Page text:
Weak Pulse

Trevor James Constable. The Cosmic Pulse of Life. Neville Spearman, 1977.
One puzzling aspect of ufology is the question of why so many enthusiasts have such an insatiable appetite for pseudo-science rather than genuine science. Perhaps one reason ia that science has developed so much in this century that scientists are increasingly forced to specialise, so that they know more and more about less and less, and thus get out of their depths when they tackle subjects remote from their own specialities

This book is a feast for the pseudoscientist The author constantly berates conventional physicists for their conservative, mechanistic "anti-life" attitudes. Some of his strictures are no doubt justified, but he spoils his argument by overstatement, and expounding alternative arguments which are patently ridiculous. Mr Constable takes photographs of the sky using infra-red film, and obtains pictures with various light patches and dark blobs on them. Now these pictures, if genuine, are quite interesting. Possibly he has managed to record pictures of atmospheric turbulence. However, Mr Constable refuses to consider any rational explanations. Because some of the blobs which appear on his photographs bear a. superficial resemblance to living cells seen through a. microscope, the author comes to the conclusion that they are living organisms. And if anyone disagrees, let him be anathema!

In this book scientific problems are discussed from the viewpoint of the 'new physics'. This consists of a rag-bag of pseudo-scientific speculation culled from various crackpot sources, many of which contradict the theories held by more conventional physicists. For example, the second law of thermodynamics is not only 'false' but also 'neurotic' (whatever that may mean in this context) because it is contradicted by Wilhelm Reich 's orgone accumulator which produces heat 'out of nothing'. (Perhaps Reich managed to capture and tame Maxwell 's Demon?)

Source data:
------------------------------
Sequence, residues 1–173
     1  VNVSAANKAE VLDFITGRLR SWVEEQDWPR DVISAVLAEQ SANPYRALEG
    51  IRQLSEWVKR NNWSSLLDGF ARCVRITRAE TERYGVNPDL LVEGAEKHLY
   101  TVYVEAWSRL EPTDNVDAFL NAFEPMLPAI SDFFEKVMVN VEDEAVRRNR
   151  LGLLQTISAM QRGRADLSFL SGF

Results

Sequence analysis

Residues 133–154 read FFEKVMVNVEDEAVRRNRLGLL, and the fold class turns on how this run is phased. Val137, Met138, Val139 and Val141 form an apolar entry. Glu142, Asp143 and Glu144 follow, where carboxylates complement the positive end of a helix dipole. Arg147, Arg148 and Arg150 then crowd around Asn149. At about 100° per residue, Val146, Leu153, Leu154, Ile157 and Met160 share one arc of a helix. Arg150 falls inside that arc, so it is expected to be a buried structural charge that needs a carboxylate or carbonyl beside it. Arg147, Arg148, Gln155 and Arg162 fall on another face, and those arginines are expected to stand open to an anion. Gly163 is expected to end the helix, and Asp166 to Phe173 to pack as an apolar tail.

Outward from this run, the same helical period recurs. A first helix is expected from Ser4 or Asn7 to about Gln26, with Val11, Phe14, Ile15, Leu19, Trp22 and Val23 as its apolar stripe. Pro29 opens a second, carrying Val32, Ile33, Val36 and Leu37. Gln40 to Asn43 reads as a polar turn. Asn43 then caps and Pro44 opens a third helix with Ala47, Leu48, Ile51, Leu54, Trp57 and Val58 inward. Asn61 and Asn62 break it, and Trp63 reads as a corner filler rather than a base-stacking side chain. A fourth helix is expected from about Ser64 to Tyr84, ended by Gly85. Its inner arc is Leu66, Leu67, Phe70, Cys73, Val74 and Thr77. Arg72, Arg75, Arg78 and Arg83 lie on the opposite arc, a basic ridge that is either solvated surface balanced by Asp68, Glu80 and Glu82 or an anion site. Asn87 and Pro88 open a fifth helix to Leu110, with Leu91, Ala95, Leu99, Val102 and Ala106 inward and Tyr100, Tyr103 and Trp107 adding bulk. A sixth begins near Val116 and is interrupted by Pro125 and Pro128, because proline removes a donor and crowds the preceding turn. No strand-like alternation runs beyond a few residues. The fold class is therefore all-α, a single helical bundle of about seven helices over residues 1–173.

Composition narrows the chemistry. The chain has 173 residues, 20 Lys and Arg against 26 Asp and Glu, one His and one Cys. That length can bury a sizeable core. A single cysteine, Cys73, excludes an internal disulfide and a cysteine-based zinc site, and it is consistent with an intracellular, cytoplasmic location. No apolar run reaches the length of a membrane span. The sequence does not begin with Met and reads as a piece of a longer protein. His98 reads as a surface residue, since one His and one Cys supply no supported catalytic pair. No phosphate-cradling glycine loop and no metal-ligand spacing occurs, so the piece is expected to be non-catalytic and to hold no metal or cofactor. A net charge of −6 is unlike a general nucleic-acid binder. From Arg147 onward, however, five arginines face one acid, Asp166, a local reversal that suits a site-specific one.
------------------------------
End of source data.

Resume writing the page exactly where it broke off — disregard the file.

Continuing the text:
The author also criticises those scientists who say there is no ether, arguing, as nineteenth century scientists did, that "there cannot be waves without a medium for them to wave in”. This argument is based on a false analogy. While it is possibly true, as Constable asserts, that "numerous scientists are conceptually unhappy with Prof. Einstein 's etherless universe" and indeed Einstein himself said of the quantum theory "I look upon quantum mechanics with admiration - and suspicion" I hardly think that such people would, like the author, go to the other extreme of postulating not one ether, but four! This book is recommended to all lovers of irrationality, pseudo-science and irrational fantasies. -- John Harney. MUFOB New Series 9, Winter 1977/8.

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